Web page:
Doing time has never been easy for Andrea Yates, but lately her life behind bars has taken a decided turn for the worse. On July 19 she was rushed from her East Texas prison cell to a state hospital in Galveston, 180 miles away. Yates, who had stopped eating several weeks earlier—June 20 marked the third anniversary of the day she drowned her five children—had dropped almost 30 lbs. and begun suffering from severe depression and acute psychotic episodes.
Saddened as they were by the news, Yates's loved ones were hardly surprised. During their visits, her longtime friends Bob and Debbie Holmes found her lucid enough to be troubled by the looming anniversary as well as other painful subjects. Yates told the couple that her husband, Rusty, had broached the topic of divorce, saying that he wanted more children. And she confided having vivid memories of her own children's deaths. "She wailed, she cried uncontrollably. She asked, 'How could I have done that to the children?'" Bob says. "There can be a point that the human mind just can't handle any more."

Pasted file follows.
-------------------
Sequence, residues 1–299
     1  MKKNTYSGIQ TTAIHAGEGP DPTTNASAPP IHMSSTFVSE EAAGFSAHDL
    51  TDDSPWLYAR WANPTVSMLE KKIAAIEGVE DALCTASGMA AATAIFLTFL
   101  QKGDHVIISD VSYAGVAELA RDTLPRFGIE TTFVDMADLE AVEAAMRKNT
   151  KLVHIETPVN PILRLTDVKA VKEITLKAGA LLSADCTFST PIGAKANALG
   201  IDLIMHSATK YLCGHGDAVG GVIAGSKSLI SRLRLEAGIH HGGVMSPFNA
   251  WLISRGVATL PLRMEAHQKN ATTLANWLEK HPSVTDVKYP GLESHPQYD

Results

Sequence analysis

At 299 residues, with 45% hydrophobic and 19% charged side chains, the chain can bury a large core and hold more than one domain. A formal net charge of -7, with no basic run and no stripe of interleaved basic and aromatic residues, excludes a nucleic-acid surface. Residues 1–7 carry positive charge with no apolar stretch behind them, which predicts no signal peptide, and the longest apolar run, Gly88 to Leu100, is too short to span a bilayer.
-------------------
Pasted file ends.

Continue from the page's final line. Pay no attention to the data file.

Rusty Yates told PEOPLE he discussed "the future of our marriage" with his wife on several occasions, but maintains that a variety of factors have contributed to her recent decline (including, he believes, having her antipsychotic medication changed). "She's also concerned about the loss of her children, the loss of her freedom, her appeal, turning 40," observes Rusty, who says he doesn't have a girlfriend. He says he was alarmed enough by Yates's condition when he saw her on July 17 to call her doctors with his concerns.
Since Yates's transfer, her physicians say she has shown some improvement. But her mother, Karin Kennedy, says that during a July 22 visit she was distressed by how confused her daughter seemed much of the time. "She asked me where the children were. I told her, 'They're in Heaven, with God.' I don't know if she understood me or not."
Authorities will not discuss how long Yates is expected to remain in the hospital. But her attorney George Parnham continues to work on her upcoming appeal, which could result in her transfer to a psychiatric hospital. Even so, he admits that hopes for his client's recovery remain modest. Says Parnham: "Simply put, the better Andrea gets, the more she appreciates what she did—which triggers another free fall."
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